Advertising, automation, Brand, cars, Economy, electric, Electric Razors, embellishment, expendability, fly-by-wire, knobs and levers, Marketing, mass production, Oral hygiene, progress, robot, Shaving, Technology, toothbrush
Occasionally I find myself wanting to use my space on this blog to air my prejudices, and this is one such occasion, so please feel free to turn off now.
There, I’ve said it.
For years I used an electric razor, defying the essential premise that unless the foil between skin and hula-dancing blades can be removed, there will always be a no-go area – a fine lawn left uncut when the ceremony is complete. Taking that foil barrier away is not an option; that way legal action lies.
Several hundred pounds-worth of those razors later, I finally caught on and moved to wet shaving, little knowing how intently I was being watched!
Replaceable blades – not the cheapest of options, but the shave was closer, and there was some pleasure to be derived from the routine. However, I guess I was not the only migrant, because suddenly the price of those blades inflated and the manufacturers (def. manufactured: made, or assembled in China) persuaded me that I needed two parallel blades, then three, then five…and then: a rotating head!
It was worth fifteen or twenty pounds, wasn’t it, to achieve that extra smoothness the fawning sycophant in the advertisements liked to rub herself against?
I discovered little packets of disposable razors that work well enough, cost about twenty pence a razor, and can each be made to last for at least a week of satisfactory shaves. I don’t get bothered by Miss F.S., and I stay that little bit richer. But I know I’m being watched…
Electric toothbrushes? Don’t get me started!
Yes, they are good for teeth: they massage gums, make a better job of cleaning, etc.. But do I need a buzzer to warn me when I’ve brushed my two minutes, or a low battery light, or a ‘special action’ guaranteed to remove more plaque? No. And I don’t need to spend £70 when I can get a basic model for £16.
Now let’s talk about cars.
Seriously, what do you need from a car? A bullet list:
• Four wheels, so it doesn’t fall over
• A roof, so you don’t get wet
• An engine, so you don’t just sit on the driveway wondering why you bought the thing
• Reliability, so you don’t sit at the roadside in the snow wondering…..
• Reasonable comfort, so you don’t get cramp
• Room for the shopping, child or other baggage.
What do you NOT need?
• ‘Performance’ – 0 to 60 miles per hour in 5.6 seconds, a top speed of 140 miles per hour (where, exactly?) and an engine that waits until your back is turned and then runs out of its prohibitively expensive oil.
• Rows of warning lights to tell you when your ‘stability program’ is malfunctioning, your engine management chip is unhappy, you are due for a service, your handbrake is on (you did learn to drive, didn’t you?), or your coffee in the cup holder is going cold.
• Tires so large their replacement will cause problems for the rubber industry and irreparable damage to your bank account.
• Insurance premiums that induce you to consider remortgaging your house each renewal month.
• Diagnostics locked in to ensure repairs can only be undertaken by a main agent, who therefore charges what he likes.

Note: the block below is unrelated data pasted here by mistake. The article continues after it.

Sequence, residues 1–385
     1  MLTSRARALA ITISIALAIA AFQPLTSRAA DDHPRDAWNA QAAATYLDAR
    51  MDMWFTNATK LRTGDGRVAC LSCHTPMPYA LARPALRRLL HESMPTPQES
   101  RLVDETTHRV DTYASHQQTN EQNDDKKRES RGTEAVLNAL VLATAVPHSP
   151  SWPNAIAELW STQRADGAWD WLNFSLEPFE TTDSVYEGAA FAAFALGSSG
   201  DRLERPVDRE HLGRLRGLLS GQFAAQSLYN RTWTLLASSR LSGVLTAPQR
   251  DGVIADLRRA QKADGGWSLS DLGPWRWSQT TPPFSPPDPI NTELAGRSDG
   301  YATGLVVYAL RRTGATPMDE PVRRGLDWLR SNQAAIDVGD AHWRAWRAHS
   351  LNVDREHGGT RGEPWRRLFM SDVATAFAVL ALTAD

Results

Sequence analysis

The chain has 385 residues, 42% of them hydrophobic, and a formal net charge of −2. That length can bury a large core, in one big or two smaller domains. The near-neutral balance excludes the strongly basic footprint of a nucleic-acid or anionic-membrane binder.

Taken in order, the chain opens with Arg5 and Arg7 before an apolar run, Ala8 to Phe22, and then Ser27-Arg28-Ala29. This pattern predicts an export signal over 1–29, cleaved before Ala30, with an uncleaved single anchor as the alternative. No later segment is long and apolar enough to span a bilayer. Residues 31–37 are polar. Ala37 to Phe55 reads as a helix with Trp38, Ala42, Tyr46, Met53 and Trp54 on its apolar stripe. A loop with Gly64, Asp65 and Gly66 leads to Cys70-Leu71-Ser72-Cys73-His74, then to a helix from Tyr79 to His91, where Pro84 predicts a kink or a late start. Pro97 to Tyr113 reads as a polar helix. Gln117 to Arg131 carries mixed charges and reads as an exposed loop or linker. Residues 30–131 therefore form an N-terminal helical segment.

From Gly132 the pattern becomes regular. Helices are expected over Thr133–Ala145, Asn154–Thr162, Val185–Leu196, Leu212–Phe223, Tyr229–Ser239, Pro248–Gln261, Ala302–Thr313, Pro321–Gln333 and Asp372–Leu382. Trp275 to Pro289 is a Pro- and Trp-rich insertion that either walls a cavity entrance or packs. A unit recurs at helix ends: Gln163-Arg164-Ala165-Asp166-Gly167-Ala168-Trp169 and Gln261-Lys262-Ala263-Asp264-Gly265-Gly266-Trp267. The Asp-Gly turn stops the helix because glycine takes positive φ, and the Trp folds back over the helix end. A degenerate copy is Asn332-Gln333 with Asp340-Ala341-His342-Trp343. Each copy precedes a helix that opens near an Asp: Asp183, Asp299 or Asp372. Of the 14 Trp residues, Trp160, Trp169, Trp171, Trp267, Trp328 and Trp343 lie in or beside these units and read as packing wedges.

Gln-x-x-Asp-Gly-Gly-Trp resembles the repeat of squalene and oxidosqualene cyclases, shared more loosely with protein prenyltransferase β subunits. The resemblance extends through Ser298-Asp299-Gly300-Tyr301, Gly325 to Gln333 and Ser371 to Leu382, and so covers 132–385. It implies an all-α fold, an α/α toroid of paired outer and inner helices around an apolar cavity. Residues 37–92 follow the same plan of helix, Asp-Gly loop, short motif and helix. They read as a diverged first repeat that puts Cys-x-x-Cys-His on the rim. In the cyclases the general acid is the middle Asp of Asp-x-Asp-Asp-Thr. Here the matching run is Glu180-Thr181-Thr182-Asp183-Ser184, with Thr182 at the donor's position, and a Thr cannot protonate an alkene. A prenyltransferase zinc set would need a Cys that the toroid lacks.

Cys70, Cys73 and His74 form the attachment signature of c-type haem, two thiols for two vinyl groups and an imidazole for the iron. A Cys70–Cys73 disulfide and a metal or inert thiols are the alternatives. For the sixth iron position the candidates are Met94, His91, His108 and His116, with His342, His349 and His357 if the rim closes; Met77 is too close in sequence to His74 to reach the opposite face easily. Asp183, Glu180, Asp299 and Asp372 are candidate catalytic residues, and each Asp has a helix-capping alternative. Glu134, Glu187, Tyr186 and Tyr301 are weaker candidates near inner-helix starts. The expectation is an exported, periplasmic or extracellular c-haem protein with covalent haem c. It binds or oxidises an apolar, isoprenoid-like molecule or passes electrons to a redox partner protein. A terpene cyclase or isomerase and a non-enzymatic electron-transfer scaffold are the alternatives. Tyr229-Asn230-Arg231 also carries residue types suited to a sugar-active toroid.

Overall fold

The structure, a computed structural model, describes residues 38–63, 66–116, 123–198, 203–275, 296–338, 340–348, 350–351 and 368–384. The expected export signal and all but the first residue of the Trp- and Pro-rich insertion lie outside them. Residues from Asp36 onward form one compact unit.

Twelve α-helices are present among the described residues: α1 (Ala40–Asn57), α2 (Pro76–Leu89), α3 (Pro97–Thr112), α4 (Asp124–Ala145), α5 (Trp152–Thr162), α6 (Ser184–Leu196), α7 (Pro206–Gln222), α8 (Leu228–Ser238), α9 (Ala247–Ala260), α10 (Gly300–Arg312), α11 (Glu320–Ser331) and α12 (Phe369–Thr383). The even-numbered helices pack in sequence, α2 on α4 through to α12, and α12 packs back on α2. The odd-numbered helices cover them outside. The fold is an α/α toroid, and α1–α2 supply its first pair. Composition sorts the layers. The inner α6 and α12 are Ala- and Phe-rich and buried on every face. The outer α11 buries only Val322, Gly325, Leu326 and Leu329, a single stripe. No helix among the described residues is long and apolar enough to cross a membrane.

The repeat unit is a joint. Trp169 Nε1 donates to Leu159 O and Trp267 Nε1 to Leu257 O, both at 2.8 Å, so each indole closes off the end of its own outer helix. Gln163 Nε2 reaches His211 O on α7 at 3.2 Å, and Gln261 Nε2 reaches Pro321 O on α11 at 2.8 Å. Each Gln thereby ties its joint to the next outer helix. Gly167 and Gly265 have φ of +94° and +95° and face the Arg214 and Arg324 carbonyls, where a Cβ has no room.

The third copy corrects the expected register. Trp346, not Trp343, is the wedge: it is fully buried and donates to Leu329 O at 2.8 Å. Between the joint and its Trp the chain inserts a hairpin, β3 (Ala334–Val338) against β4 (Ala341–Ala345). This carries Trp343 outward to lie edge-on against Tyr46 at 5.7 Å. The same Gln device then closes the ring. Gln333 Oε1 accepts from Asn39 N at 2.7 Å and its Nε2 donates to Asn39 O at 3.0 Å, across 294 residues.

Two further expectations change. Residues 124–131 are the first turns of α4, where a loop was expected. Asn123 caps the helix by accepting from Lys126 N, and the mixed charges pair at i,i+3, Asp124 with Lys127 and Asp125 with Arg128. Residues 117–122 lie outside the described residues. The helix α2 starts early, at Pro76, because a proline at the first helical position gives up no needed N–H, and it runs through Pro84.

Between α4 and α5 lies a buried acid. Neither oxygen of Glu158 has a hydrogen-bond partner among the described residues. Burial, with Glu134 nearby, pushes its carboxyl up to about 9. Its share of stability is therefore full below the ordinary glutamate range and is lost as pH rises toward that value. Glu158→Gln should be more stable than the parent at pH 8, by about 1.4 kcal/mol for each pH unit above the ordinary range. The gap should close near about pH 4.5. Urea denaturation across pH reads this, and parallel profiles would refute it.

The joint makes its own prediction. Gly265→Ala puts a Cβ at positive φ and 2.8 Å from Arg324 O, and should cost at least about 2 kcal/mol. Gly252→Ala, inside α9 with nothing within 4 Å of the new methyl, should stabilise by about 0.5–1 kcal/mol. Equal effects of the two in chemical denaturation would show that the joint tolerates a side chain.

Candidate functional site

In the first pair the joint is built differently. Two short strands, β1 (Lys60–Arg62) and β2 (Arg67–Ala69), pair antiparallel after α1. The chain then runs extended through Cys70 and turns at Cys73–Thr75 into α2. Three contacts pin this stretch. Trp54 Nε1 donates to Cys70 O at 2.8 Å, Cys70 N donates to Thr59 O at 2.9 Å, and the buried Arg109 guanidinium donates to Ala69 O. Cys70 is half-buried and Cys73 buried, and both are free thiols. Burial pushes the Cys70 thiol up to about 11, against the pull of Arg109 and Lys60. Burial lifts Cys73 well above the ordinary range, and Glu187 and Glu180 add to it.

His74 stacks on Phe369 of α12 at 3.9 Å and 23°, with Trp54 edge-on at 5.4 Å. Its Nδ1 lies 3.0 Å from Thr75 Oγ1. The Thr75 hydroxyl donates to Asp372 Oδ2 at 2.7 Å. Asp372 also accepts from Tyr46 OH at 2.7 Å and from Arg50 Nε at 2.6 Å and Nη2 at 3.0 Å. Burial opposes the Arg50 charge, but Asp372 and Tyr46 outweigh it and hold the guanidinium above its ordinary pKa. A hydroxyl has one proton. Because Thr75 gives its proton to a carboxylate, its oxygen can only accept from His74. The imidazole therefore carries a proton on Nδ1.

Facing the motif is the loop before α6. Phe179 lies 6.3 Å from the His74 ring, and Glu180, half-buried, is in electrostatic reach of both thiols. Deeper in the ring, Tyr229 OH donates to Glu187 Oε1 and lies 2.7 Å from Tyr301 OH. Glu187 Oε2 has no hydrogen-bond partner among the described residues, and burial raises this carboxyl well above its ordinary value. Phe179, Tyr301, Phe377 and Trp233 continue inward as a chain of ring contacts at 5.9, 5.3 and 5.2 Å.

• ‘Fly-by-wire’ technology, so controls once linked perfectly reliably by cables and rods now aren’t, and the extra cost this involves. A certain variety of higher end car usually requires replacement of ‘handbrake motors’ every five years or so. These little gems zero in at around £400 per motor, and – wait for it – need to be replaced ‘in pairs’.
Handbrake motors? What?
I know, I’ve given a lot of space to cars, but make allowances. A. I’m a bloke, and B. After the house, your car is probably the biggest investment you will ever make. Arguably it is the biggest of all, for in your years of ownership it will depreciate almost as fast as your computer.
Advanced technology like this is not the dictat, but the natural result of marketing which leads us to believe we are in urgent need of the unnecessary. This constant pursuit of product ‘advantage’ is the forfeit we pay for bulk purchase and mass production at the manufacturing end of the scale. Ostensibly volume saves, but at the cost of flexibility.
And why rant I thus?
Because mass production now stands at the threshold of a further sophistication of technology – robotics. At least we have a defense for the cascade of superfluous function that flashes at us from shop windows if we know that the redundant buzzers and annoying flickers were installed in our razors and toothbrushes and cars by a human: but how do we accept the prospect that those dexterous fingers will be deposed soon by robots? When population is expanding exponentially why are we so intent upon putting people out of work? When our greatest resource is the human, why do we cut him out of the loop? We need him to purchase our ever more expensive, ever more uselessly over-equipped products, don’t we? How can he, if he has no money?
My contention is that there should be natural limits to certain kinds of activity that masquerade as ‘progress’; that the human ant survives best when it possesses least. Common sense decrees that there is a lazy scientist amid the legions of the very-clever who really wants robots to think for themselves, and if he actually succeeds in achieving that, the ‘Age of the Machines’ is a very real prospect.
Dear Mr. Connor…